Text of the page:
Top bosses are earning more than 133 times than the average worker, a new report by CIPD has found.
It’s only the first week of January and plenty of us are still feeling the sting on our bank balances following the expenses of Christmas and New Year, however there are a select few whose wallets aren’t suffering at all.
Today marks Fat Cat Friday, the first Friday of the year that the UK’s top FTSE100 CEOs’ salaries exceed the average UK annual wage – what a way to kick off the New Year.
In just three working days of 2019, the UK’s top bosses will have already taken home more than a typical full-time worker will earn in an entire year, a new report by independent think tank the High Pay Centre and the CIPD, the professional body for HR and people development, has discovered.
The calculations have found that the average full-time worker in the UK earns an annual salary of £29,574, while the ‘fat cats’ on average will pocket an annual figure of £3.9 million, meaning they would only need to work until 1pm today to earn the same amount as the average worker.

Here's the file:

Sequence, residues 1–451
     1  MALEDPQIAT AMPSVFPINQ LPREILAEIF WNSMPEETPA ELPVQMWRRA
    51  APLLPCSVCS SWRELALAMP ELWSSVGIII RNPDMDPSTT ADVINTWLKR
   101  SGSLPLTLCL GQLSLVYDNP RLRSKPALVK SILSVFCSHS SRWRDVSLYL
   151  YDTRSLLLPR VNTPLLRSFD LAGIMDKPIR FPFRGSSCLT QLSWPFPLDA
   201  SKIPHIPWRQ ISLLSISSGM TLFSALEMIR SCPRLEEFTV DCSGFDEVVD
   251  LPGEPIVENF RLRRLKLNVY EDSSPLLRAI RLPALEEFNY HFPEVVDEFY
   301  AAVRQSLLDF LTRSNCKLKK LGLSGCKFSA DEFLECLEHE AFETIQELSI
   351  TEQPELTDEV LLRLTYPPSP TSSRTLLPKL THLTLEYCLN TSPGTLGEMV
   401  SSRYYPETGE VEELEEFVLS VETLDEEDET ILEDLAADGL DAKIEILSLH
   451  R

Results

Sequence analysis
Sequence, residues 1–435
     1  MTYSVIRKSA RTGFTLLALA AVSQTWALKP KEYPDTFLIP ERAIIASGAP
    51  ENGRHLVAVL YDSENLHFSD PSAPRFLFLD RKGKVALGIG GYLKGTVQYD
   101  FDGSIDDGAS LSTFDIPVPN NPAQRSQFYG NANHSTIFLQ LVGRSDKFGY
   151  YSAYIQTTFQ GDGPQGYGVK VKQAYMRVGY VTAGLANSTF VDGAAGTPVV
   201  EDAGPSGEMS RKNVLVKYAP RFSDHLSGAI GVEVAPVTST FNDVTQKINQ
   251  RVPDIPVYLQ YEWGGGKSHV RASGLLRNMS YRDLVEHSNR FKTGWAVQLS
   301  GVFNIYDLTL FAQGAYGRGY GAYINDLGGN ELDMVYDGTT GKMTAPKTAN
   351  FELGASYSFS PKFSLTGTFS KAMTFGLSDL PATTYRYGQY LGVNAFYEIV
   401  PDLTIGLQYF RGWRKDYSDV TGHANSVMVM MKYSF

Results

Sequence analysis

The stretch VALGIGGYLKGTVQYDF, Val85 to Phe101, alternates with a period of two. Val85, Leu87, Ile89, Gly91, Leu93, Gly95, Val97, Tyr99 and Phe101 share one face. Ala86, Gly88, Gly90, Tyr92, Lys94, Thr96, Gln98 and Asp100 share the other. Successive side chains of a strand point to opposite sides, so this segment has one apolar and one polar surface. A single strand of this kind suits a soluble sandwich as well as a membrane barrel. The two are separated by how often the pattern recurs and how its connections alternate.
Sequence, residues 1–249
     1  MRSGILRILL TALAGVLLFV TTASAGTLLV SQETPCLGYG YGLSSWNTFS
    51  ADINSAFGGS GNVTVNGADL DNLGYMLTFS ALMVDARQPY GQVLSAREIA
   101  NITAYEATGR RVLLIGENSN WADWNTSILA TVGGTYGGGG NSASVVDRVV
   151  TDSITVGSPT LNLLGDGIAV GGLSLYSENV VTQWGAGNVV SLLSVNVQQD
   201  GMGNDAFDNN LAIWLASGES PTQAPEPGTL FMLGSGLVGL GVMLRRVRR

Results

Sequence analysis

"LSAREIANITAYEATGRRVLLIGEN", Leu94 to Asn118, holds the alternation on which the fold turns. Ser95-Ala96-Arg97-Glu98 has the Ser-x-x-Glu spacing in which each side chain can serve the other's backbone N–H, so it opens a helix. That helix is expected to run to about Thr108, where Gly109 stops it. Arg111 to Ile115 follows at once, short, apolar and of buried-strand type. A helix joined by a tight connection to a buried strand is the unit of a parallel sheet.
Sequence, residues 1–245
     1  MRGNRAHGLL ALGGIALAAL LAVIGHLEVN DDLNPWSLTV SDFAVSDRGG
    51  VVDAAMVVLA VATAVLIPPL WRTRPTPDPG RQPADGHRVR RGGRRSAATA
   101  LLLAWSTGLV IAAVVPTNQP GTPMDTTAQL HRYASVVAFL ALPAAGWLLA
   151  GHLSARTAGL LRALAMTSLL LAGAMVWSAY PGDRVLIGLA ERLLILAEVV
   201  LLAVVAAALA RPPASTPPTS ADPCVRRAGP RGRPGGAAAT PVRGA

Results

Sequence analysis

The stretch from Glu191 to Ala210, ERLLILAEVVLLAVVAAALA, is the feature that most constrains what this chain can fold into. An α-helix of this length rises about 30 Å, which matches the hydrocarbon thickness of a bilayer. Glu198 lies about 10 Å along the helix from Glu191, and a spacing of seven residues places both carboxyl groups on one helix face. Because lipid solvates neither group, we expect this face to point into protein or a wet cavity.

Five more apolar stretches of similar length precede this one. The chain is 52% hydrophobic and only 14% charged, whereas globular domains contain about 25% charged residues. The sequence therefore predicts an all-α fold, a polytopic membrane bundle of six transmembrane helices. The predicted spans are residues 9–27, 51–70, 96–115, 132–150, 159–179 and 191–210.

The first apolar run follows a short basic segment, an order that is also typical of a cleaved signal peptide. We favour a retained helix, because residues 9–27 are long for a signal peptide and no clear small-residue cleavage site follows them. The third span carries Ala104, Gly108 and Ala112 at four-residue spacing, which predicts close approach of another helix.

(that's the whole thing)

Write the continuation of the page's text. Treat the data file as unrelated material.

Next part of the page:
“There is still far too great a gap between top earners and the rest of the workforce. Average pay has stagnated whilst top CEO reward has grown, despite overall slow economic growth and very variable business performance,” said Peter Cheese, chief executive of the CIPD.
“Excessive pay packages awarded by remuneration committees represent a significant failure in corporate governance and perpetuate the idea of a ‘superstar’ business leader when business is a collective endeavor and reward should be shared more fairly. This imbalance does nothing to help heal the many social and economic divides facing the country.”
The CIPD and High Pay Centre are highlighting the problem of rising executive pay in a new report launched today, which aims to call on RemCos to ensure that CEO pay is aligned more appropriately to rewards across the wider workforce and that their contribution is measured on both financial and non-financial measures of performance.
Luke Hildyard, director of the High Pay Centre, added: “Excessive executive pay represents a massive corporate governance failure and is a barrier to a fairer economy. Corporate boards are too willing to spend millions on top executives without any real justification, while the wider workforce is treated as a cost to be minimised.
“To raise living standards, we need growth and innovation, but also to ensure that growth is fairly distributed. CEO pay packages 133 times the size of the average UK worker suggest we could do a lot better in this respect.”
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